Sam Maloof: Icon and man with super cool glasses.  (Photo Credit: Popular Woodworking)

To go into detail here would be more than redundant given the amount that has been written about him, but I wholeheartedly encourage any reader of this to spend a few minutes researching this incredible designer.  It's one thing to develop a signature and recognizable style (which he did, profoundly) but the man invented his own JOINT.  The Maloof joint is an elegant, incredibly strong way to join perpendicular pieces of wood.  And while it's not the easiest to form, it's amazing useful, variable and strong.

Four Maloof joints hold the legs of the ottoman and are reinforced with screws, the covered with shop-made walnut dowels.

For many woodworkers, building a Maloof replica is a rite of passage, like cutting your first dovetail or buying your first block plane.  (Ok, maybe a little more challenging than those...)  His iconic rocking chair is among among the great designs of the last century.  (And perhaps someday I'll have a turn at that as well.)

Currently, a rocking chair isn't something we have a need for in our home.  Instead, I chose to tackle a lowback armchair (inspired by Sam Maloof, with actual plans by Charles Brock.)  This was to be a Christmas gift for my wife, Susie.  She's been after a mid-century chair for some time and there's nothing better than building something to give to a loved one.

Maloof-inspired lowback chair as designed by Charles Brock, built by Shy Dog Designs

It was only a few days after Christmas, when the new chair had taken up residence in our family room, when Susie suggested it would be nicely complemented by an accompanying ottoman.  The small footstool borrows stylistically from the chair and utilizes the Maloof joint, but the design itself is original to me as far I can tell.

Shy Dog-designed, Maloof-inspired ottoaman, in cherry with a poly/oil/wax finish.

As with any furniture than leans so heavily on a unique design, it's hard to take credit for much beyond the execution of a piece like this.  Anyone who makes a piece in the style of Greene and Greene or Sam Maloof is standing on the shoulders of giants.  But taking the ideas and adaptingthem  to a unique piece like the ottoman pictured here is immensely satisfying.  Turning rough cherry into sculpted pieces with flowing lines is gratifying, almost a way to let the wood return to its natural shape.  We look forward to using these pieces in our own home for years to come.

Thursday, December 3, 2015

The Shy Dog Sub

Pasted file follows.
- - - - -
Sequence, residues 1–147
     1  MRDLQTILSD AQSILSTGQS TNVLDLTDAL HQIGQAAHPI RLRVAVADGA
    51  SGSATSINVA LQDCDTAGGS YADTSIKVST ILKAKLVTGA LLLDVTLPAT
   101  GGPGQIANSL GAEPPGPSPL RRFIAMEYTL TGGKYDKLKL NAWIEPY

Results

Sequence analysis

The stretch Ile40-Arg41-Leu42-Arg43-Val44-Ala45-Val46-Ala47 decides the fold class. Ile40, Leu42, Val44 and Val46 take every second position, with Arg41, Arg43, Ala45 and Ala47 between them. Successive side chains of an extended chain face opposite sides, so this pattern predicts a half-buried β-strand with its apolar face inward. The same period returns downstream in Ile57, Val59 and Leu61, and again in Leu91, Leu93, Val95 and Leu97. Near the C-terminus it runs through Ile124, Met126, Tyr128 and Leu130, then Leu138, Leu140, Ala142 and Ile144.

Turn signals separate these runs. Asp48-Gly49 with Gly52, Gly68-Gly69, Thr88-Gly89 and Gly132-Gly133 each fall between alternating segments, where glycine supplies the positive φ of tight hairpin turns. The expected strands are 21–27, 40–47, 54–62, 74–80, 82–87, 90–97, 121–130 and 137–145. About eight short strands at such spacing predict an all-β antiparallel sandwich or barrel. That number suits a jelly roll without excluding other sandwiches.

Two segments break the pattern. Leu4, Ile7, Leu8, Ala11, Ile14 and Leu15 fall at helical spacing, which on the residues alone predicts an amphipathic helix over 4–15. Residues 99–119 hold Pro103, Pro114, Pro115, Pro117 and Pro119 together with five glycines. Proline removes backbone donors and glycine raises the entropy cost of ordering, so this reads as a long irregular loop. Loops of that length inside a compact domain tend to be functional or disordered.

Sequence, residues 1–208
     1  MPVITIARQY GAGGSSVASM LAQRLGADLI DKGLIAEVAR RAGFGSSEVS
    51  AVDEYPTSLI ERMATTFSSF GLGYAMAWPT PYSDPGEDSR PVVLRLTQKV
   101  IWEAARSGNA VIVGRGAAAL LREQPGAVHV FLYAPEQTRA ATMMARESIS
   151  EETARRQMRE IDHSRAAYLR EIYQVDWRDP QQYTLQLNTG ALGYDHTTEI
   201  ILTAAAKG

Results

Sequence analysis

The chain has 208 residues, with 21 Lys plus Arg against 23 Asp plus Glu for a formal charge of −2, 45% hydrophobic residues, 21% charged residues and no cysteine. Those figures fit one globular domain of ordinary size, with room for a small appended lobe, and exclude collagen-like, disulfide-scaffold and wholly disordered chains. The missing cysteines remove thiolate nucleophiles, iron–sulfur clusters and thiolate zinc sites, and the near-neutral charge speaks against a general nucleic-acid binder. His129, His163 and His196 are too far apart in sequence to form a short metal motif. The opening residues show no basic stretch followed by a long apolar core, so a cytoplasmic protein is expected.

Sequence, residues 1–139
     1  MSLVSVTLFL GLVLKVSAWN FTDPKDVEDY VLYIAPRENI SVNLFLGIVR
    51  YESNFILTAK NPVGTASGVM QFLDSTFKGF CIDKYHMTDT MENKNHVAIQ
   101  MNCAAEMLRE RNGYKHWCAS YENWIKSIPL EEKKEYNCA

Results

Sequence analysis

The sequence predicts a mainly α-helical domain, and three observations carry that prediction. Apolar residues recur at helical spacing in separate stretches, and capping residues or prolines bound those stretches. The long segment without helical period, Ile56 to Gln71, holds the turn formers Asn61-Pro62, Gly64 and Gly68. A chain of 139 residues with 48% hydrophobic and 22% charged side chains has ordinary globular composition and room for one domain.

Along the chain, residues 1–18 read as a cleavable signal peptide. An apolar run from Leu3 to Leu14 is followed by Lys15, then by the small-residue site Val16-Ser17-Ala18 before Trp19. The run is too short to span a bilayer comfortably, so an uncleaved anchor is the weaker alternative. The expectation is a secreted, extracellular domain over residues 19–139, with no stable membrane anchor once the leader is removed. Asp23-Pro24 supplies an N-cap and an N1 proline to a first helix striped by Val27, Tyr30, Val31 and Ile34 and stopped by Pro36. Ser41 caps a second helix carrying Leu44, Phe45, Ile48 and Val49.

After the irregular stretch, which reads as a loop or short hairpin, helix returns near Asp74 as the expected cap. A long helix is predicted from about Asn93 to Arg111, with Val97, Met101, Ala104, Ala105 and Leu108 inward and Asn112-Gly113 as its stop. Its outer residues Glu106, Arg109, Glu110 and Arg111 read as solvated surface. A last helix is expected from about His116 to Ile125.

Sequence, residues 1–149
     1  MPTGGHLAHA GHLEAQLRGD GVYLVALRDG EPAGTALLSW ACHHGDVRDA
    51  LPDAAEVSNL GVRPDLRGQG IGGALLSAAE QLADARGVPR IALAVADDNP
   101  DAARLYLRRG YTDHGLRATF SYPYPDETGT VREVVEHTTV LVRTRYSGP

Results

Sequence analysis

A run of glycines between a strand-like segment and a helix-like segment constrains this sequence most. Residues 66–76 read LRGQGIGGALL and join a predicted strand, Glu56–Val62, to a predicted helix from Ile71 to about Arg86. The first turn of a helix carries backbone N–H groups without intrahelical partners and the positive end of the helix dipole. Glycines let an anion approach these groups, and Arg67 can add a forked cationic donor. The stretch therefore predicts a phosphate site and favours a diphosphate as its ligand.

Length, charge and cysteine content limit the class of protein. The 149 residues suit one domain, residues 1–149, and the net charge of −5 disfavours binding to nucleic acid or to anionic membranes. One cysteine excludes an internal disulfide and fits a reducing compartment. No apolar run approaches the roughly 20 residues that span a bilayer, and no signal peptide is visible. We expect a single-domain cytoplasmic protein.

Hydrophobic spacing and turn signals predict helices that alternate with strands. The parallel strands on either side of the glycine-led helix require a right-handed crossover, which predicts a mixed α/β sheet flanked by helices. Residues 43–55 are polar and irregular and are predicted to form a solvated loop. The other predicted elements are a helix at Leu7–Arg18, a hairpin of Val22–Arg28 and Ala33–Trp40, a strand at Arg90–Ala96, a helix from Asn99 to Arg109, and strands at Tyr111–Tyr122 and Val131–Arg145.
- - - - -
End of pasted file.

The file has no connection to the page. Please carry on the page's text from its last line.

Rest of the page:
Some of the first serious cabinetry I ever built was incredibly utilitarian in nature, but helped pull me into deep end of the live music profession.
            As a young sound engineer, there were many days spent far away from the concert stage and huddled in the small garage that served as home base for my first employer, a local sound company based out of rural Maryland.  Those days were spent soldering microphone cables, pinning stage boxes, assembling road cases and…building cabinets.  Speaker cabinets, that is.

A speaker cabinet under construction.  Proper techniques and joinery are as home here as they are in traditional cabinetry.

            And so it is that I find myself years later finishing a project that I first conceived more than a decade ago to take advantage of some extra speakers and other spare parts I had laying around.  With our belated “wedding reception” fast approaching and me responsible for providing a sound system, this was the perfect time to finally augment my little acoustic bar PA with some subs!

A Pair of "Shy Dog Subs"  Not exactly appropriate for an arena, but hugely effective on a smaller scale.

            The single 15” ported sub is loosely based on a Yamaha design, with a few improvements, not the least of which is the material.  I eschewed the particle board favored by mass production facrories for 7-ply maple plywood that would be more at home in a world-class touring speaker.  All case joinery is done with dados, grooves and rabbets.  This not only adds a tremendous amount of strength vs. using fasteners alone, it also helps to airseal the box, which is a crucial step for speaker construction.  Sound waves are transmitted primarily via air movement.   As such, air leakage is to be avoided at all costs.  Seating plywood edges in glued grooves help provide the air seal.  For places where grooved joinery wasn’t possible, the wood was mated with a silicone adhesive to keep the air seal intact.

Air sealing the "handles" that are part of the cabinet with a silicone adhesive.

            Mini-subs like these are really meant to function on their own instead of in the large blocks of cabinets you’ll see in larger venues.  Keeping in mind that speakers like this are only going to be used in very intimate settings, I added a speaker pole mount to the top allows them to do double duty and replace the tripod stands that typically hold my hi/mid cabinet’s aloft.  Not only do the mini-subs augment the low end of my system, they lessen my footprint as well.  It’s a win all around!

A look at grooved and dado'ed construction.  It adds strength and air-tightness to this front-loaded scoop design.

            To complete the speaker, drivers are mounted with metal clamps and then covered with commercial speaker grill cloth.  The cabinets themselves are primed with an oil-based primer before being sprayed black and topcoated with a semi-gloss polycrylic, so they’ll look as good as they sound.

Friday, October 16, 2015

The "Tavernfest" Tavern Table

About a week ago, we were approached about a donation for the Monmouth County Historical Association's "Tavernfest" auction.  With my wife and I having just hosted our wedding reception at the historic Taylor-Butler House in Middletown, NJ - a venue owned and managed by the MCHA - we were happy to provide a donation for auction.